Sunday, February 21, 2016

As 2016 Chinese New Year Celebrations draw to a close...

In my family, we celebrate the traditional Chinese New Year, so for us, the celebrations end on Monday, February 22, 2016 with the traditional Lantern Festival, instead of on February 14th.  My Kiddo's husband, A/K/A my Kiddo-in-law, is from China and that is how he has always celebrated the New Year.  I love how my family has become so diverse over time, bringing new traditions we have made a part of our lives too.

But, I have to admit, that little did I know when I took my 10 year-old Kiddo to Chinatown, that the road from the Wonton Garden Restaurant on Mulberry Street, where all the waiters wore Hawaiian shirts, would turn out to be a journey that went from Manhattan to Beijing to Fuzhou to Dalian and back again for her.   With each trip, my Kiddo brought back a lot of really good tea, as well as information and many traditions found in Chinese culture.  And it's been an interesting education.  I wear my lucky red socks for Chinese New Year, I can make my own dumplings, and I find rice and noodles to be a part of my everyday diet  And I read lots of Chinese-related books, and I'm stashing away picture books just in case a baby comes along someday.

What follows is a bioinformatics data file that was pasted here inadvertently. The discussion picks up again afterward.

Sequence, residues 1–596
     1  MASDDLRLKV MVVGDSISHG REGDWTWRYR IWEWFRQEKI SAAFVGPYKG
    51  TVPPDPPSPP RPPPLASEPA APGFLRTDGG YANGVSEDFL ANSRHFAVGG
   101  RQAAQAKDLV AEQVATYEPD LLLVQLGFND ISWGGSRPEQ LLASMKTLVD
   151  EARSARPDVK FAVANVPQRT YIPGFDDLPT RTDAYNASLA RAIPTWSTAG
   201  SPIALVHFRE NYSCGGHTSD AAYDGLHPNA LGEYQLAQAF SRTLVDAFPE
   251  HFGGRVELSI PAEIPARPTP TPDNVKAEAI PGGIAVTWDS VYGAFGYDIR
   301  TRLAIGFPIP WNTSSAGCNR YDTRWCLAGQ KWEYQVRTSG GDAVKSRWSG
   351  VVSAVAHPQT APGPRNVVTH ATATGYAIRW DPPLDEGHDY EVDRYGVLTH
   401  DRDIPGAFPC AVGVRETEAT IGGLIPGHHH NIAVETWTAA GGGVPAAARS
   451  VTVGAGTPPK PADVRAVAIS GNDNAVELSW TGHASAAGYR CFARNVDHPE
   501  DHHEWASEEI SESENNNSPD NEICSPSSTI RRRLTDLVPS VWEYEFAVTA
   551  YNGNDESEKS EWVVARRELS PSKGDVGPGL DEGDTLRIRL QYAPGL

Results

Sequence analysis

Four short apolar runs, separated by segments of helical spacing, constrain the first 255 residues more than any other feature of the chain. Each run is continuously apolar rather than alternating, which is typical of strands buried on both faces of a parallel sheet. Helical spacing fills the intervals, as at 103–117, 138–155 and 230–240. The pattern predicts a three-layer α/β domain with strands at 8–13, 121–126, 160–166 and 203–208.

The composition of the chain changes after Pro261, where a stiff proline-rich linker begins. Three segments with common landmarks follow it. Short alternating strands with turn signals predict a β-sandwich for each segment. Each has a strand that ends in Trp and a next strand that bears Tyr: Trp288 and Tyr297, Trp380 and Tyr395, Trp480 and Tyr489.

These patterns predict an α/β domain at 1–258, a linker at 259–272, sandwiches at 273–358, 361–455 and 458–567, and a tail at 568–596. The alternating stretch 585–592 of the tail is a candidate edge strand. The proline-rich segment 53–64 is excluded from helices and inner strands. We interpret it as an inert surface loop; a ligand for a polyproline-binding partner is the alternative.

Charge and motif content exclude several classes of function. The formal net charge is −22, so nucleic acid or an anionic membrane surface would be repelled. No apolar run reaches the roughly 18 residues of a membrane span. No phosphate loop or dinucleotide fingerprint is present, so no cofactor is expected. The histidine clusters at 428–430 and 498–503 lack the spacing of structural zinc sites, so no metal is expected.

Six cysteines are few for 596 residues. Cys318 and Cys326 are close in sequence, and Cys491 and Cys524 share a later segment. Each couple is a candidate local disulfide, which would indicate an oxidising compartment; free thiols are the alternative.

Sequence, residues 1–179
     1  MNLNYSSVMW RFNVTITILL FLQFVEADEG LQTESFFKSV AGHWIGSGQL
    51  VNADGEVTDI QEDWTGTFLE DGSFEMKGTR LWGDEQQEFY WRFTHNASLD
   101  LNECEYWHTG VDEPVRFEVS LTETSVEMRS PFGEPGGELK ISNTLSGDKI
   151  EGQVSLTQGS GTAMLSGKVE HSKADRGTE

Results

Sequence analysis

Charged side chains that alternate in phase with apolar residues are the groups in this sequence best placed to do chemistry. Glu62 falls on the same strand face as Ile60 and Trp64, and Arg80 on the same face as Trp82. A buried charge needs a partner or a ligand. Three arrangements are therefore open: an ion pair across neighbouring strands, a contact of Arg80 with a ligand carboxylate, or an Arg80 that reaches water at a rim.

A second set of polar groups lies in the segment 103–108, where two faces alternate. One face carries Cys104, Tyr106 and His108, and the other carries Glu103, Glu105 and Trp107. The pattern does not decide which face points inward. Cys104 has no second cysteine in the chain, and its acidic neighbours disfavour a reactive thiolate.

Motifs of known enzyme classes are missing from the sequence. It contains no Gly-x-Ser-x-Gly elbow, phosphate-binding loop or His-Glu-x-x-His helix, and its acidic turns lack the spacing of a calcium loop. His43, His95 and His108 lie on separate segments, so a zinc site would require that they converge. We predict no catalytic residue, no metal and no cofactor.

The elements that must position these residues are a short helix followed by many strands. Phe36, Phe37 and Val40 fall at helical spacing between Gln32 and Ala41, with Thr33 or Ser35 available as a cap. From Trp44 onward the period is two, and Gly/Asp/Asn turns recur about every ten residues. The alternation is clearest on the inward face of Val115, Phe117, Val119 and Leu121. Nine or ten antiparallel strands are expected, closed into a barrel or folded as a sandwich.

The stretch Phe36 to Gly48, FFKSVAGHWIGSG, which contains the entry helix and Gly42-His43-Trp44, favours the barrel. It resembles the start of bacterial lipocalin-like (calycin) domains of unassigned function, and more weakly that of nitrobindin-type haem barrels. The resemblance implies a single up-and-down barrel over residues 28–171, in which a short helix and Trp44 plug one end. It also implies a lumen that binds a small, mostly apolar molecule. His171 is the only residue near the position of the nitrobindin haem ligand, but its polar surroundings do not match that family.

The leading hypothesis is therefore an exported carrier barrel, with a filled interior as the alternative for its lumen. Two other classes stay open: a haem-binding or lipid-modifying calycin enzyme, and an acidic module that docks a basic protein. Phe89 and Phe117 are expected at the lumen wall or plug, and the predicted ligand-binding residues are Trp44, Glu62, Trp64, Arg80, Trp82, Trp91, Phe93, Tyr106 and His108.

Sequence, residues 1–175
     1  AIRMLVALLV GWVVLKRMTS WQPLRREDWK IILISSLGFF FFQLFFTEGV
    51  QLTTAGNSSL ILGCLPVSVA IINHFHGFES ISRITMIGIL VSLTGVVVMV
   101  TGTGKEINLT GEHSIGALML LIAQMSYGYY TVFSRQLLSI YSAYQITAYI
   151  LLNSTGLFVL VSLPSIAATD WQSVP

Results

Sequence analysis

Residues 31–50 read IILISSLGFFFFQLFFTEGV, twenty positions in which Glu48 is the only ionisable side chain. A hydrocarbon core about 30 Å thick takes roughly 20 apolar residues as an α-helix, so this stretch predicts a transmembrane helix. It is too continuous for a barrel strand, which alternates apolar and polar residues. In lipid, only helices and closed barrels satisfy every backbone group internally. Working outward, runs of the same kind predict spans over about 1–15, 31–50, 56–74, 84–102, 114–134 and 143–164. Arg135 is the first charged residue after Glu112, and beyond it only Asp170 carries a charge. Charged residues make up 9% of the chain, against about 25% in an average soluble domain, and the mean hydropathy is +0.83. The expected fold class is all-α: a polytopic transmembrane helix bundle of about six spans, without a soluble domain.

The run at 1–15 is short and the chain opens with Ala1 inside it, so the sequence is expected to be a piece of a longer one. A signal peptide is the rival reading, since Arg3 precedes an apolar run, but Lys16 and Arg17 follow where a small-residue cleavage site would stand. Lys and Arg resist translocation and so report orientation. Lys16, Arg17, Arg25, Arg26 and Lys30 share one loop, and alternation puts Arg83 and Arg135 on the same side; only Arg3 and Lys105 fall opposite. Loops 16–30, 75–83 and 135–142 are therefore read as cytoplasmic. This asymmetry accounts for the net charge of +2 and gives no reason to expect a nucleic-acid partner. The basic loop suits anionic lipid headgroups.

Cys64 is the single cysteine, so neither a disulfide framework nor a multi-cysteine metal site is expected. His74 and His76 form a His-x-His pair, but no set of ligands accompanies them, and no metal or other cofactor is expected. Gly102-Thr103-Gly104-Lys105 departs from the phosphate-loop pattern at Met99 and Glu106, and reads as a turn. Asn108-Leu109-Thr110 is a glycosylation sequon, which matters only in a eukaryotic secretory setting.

Meantime, here are a few of my latest reads that I am adding to future baby's bookshelf:

Cat and Rat: The Legend of the Chinese Zodiac
written and illustrated by Ed Young
Square Fish, 1998, 32 pages (Age 4+)